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Texas Statutes Provide Leverage in Unsigned Change Order Work

by: Kirstie M. Nix, Senior Associate, Peckar & Abramson
Kirstie M. Nix
Kirstie M. Nix
It is a common occurrence for a contractor or subcontractor to encounter a situation where they are ordered to perform extra work without a signed change order. There may be the promise of a change order to come, or simply a unilateral change directive. This may or may not cite contract provisions, but almost every contract we see includes a provision allowing the owner to issue unilateral work directives. These provisions are intended to keep the work moving despite changes. However, this growth in scope places the contractor or subcontractor in a difficult position when a properly executed change order is not provided.

Those contracts also typically require the contractor to proceed with directed work even if a dispute over scope or pricing exists. You should expect that a court will enforce such provisions in most cases. The contractor and subcontractor are now financing the job with little or no leverage to expedite that change order and the ability to collect payment for the work.

Savvy contractors have been seeking limits on such directed changes in contract negotiations. In 2023, the Texas Legislature followed suit, giving contractors and subcontractors a tool to limit directed changes. Two new statutes, Texas Government Code Section 2251.0521 and Texas Property Code Section 28.0091, which apply to contracts entered into on or after September 1, 2023, function to limit the right of owners and contractors to impose substantial changes in scope upon a contractor or subcontractor without their consent. We’ll discuss the statute applying to public and private work separately, but they are largely the same: if the contractor (or subcontractor) receives a directive and the value of that change plus other unresolved directives totals 10 percent or more of the original contract value, the contractor (or subcontractor) can decline the work.

Public Project Protections
Under Texas Government Code Section 2251.0521, a contractor for a public project, which is defined as a vendor under the Texas Government Code, may elect not to proceed with additional work directed by a governmental entity under a public work contract if the following occurs: the vendor has not received a written, fully executed change order for the governmental entity-directed additional work; and the total actual or anticipated value of the additional work under the vendor’s contract terms, plus any previous governmental entity-directed additional work for which the vendor has not received a written, fully executed change order exceeds 10 percent of the vendor’s original public work contract amount.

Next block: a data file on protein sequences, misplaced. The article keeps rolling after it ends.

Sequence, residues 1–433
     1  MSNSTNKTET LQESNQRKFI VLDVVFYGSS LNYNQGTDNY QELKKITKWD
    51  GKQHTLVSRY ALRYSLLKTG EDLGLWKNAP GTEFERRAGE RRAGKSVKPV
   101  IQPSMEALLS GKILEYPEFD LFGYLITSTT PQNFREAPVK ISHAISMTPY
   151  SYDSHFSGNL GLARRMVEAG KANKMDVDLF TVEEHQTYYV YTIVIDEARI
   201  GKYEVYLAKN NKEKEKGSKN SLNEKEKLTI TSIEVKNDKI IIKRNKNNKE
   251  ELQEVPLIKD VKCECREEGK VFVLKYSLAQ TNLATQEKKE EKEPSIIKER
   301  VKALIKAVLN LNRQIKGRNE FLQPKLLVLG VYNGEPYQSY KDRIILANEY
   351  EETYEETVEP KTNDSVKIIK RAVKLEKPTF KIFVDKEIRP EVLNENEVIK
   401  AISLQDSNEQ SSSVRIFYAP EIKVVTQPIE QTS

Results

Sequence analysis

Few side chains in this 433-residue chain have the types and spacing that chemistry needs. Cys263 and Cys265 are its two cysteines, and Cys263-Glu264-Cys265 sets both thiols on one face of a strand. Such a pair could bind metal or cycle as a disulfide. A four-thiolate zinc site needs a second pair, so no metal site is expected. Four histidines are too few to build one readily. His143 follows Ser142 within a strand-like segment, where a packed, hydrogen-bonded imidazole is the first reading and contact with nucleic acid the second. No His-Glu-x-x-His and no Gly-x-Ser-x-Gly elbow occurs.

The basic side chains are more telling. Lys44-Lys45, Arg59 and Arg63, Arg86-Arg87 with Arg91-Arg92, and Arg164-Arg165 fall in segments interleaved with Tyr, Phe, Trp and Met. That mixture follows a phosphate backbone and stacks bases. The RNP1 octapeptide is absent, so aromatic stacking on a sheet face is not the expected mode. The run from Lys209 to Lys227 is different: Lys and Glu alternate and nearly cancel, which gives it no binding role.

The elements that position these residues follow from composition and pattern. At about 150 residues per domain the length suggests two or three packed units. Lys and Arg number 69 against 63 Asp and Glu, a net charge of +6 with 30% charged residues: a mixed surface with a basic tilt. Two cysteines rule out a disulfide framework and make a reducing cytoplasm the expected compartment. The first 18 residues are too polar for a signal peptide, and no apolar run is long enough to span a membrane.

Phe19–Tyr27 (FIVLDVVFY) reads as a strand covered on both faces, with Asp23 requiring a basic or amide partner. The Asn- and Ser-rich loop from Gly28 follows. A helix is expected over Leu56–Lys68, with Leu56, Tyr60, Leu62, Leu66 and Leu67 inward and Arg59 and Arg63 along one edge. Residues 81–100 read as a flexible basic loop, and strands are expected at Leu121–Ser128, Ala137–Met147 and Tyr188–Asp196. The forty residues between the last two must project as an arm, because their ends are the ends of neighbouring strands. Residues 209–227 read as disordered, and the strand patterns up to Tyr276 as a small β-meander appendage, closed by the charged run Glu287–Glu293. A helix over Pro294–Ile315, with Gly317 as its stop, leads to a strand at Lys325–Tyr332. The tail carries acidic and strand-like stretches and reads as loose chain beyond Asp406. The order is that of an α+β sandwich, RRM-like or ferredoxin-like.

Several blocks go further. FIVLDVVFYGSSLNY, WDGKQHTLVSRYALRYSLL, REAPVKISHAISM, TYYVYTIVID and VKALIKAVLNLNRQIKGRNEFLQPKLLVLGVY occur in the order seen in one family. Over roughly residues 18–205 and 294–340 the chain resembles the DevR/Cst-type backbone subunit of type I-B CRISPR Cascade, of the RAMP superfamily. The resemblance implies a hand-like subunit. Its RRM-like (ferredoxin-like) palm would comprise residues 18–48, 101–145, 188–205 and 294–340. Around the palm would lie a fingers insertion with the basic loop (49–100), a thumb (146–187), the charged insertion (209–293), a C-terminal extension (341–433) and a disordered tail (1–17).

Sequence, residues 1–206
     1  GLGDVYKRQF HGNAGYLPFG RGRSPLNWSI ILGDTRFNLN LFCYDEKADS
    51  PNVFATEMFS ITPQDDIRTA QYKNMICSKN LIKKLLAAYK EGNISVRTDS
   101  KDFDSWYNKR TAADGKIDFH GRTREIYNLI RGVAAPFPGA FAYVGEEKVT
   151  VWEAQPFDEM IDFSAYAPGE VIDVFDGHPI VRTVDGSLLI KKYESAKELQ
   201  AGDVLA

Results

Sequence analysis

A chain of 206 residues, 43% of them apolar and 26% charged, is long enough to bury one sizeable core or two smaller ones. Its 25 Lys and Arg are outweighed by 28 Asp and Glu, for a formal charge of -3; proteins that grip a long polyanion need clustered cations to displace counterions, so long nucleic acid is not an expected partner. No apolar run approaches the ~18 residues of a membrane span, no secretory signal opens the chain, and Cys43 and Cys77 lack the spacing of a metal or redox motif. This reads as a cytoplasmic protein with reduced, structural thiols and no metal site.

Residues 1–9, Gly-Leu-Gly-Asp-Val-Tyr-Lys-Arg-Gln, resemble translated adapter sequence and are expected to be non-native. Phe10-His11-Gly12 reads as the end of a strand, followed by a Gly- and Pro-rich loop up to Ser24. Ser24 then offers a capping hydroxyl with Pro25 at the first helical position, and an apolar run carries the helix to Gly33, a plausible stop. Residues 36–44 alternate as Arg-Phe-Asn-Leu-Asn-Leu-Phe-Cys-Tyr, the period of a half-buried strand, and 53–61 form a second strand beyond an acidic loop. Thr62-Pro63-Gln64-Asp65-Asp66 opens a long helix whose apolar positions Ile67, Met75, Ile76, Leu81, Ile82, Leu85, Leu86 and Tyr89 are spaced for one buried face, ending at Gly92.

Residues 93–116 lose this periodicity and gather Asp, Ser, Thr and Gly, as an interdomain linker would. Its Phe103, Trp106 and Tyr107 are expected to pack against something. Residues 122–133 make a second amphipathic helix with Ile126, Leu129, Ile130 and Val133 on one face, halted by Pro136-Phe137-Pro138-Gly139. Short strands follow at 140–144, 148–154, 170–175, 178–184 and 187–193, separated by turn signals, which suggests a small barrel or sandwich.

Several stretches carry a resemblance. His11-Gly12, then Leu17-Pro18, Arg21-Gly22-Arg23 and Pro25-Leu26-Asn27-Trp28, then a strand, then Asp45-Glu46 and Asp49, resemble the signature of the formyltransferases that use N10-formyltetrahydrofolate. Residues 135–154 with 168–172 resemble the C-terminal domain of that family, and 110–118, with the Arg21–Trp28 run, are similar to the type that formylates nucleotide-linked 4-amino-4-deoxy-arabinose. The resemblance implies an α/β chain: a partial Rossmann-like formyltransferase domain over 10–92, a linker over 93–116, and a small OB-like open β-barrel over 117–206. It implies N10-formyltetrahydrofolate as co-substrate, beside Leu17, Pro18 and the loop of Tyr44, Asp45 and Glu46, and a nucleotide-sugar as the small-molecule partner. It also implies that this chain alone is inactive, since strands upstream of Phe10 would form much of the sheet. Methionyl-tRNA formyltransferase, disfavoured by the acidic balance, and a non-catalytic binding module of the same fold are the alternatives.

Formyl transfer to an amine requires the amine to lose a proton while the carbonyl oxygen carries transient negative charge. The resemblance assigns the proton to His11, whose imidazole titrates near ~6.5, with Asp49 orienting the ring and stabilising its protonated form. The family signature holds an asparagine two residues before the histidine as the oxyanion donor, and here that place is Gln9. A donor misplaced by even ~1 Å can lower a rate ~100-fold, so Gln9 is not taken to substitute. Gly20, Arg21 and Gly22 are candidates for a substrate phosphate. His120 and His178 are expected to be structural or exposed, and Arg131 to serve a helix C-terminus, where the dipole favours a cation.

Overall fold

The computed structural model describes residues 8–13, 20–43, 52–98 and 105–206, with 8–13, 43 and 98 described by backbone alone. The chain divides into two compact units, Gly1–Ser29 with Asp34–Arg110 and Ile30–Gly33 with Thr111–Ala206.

Similarly, a subcontractor for a public project may elect not to proceed with additional work directed by a vendor under a subcontract if: the subcontractor has not received a written, fully executed change order for the governmental entity-directed additional work from the vendor; and the total actual or anticipated value of the additional work under the subcontractor’s subcontract terms, plus any previous governmental entity-directed additional work for which the subcontractor has not received a written, fully executed change order exceeds 10 percent of the subcontractor’s subcontract amount. Ultimately, a vendor or subcontractor who elects not to proceed with additional work as provided by this section is not responsible for damages associated with the election not to proceed.

Private Project Protections